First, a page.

Mindful dishwashing can decrease stress and calm the mind, a new study finds.
People in the study focused on the smell of the soap, the feel and shape of the dishes to help them enter a mindful state.
Doing the dishes in a mindful way also increased the pleasurable feeling of time slowing down, the researchers found.
Mr Adam Hanley, the study’s first author, said:
“I’ve had an interest in mindfulness for many years, both as a contemplative practitioner and a researcher.
I was particularly interested in how the mundane activities in life could be used to promote a mindful state and, thus, increase overall sense of well-being.”
In the study 51 people were split into two groups.
One group did the dishes in their normal way — most likely while letting their minds wander to the usual anxieties.
The other group were encouraged to focus on the sensory experience of washing the dishes.
The mindful group showed a 27% decrease in nervousness.
They also reported a 25% increase in mental inspiration.
This was an impressive result given that people were only washing dishes for six minutes.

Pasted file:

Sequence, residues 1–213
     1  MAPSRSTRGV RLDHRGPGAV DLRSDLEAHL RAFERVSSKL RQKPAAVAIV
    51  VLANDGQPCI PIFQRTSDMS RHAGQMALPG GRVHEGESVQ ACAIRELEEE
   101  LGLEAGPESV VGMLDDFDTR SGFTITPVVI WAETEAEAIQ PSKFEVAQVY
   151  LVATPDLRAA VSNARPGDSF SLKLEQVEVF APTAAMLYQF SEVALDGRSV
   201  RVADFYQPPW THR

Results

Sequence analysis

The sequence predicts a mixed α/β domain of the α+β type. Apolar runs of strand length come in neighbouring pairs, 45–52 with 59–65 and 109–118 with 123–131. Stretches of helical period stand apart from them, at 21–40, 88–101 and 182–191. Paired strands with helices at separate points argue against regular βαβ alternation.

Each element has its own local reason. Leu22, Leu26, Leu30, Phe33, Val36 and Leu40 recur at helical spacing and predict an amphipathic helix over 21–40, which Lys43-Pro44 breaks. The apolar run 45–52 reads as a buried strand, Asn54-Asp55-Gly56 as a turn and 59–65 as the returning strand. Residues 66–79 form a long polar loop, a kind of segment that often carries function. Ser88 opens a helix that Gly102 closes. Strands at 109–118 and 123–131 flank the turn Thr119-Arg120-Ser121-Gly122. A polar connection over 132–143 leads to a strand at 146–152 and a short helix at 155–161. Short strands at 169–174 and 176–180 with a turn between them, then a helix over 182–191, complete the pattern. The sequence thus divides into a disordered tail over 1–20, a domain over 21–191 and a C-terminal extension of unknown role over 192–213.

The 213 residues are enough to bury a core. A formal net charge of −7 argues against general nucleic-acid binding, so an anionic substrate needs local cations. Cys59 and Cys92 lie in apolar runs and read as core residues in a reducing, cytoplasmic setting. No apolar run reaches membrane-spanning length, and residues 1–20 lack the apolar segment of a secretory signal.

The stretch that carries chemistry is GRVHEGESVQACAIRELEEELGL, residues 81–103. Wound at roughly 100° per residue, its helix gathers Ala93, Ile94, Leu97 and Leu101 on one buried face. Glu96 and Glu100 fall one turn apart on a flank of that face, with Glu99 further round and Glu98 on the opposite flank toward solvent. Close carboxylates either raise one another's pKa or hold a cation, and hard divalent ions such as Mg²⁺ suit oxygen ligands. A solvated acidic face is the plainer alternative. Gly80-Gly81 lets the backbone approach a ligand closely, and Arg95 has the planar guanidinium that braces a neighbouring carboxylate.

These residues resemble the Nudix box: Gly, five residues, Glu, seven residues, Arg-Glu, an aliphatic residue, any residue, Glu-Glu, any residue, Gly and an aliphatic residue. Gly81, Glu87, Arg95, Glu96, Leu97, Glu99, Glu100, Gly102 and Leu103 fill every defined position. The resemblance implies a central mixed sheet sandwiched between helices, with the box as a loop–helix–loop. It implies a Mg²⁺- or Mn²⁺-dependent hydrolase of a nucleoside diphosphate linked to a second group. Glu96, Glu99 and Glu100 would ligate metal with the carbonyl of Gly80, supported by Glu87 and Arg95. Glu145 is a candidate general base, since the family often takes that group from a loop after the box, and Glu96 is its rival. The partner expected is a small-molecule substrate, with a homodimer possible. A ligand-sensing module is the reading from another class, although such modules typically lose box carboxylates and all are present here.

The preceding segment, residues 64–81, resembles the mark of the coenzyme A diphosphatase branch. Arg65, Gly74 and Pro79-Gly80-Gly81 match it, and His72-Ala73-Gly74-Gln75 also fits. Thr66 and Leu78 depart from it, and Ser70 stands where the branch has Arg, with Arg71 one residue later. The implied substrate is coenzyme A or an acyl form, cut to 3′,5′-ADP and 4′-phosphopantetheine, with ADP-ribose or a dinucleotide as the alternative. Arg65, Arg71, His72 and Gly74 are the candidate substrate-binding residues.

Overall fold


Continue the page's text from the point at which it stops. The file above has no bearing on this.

The study’s authors write:
“It is interesting to note that a task potentially construed as unpleasant or a “chore” can be experienced as reducing nervousness and being inspirational by simply shifting one’s approach to the task and quality of attention.
That mindfulness practices elevate mindfulness, encourage positive affect, and decrease negative affect is well established; however, that these changes were associated with the coupling of a mindful practice with an everyday task is a novel finding.”
Why stop at mindful dishwashing?
Mindfulness can be incorporated into almost any ordinary or even extraordinary activity.
Here are a few suggestions: Mindfulness Meditation: 8 Quick Exercises That Fit into Your Day
The study was published in the journal Mindfulness (Hanley et al., 2015).
About the author
Psychologist, Jeremy Dean, PhD is the founder and author of PsyBlog. He holds a doctorate in psychology from University College London and two other advanced degrees in psychology.
He has been writing about scientific research on PsyBlog since 2004. He is also the author of the book “Making Habits, Breaking Habits” (Da Capo, 2003) and several ebooks:
- Accept Yourself: How to feel a profound sense of warmth and self-compassion
- The Anxiety Plan: 42 Strategies For Worry, Phobias, OCD and Panic
- Spark: 17 Steps That Will Boost Your Motivation For Anything
- Activate: How To Find Joy Again By Changing What You Do
Chores image from Shutterstock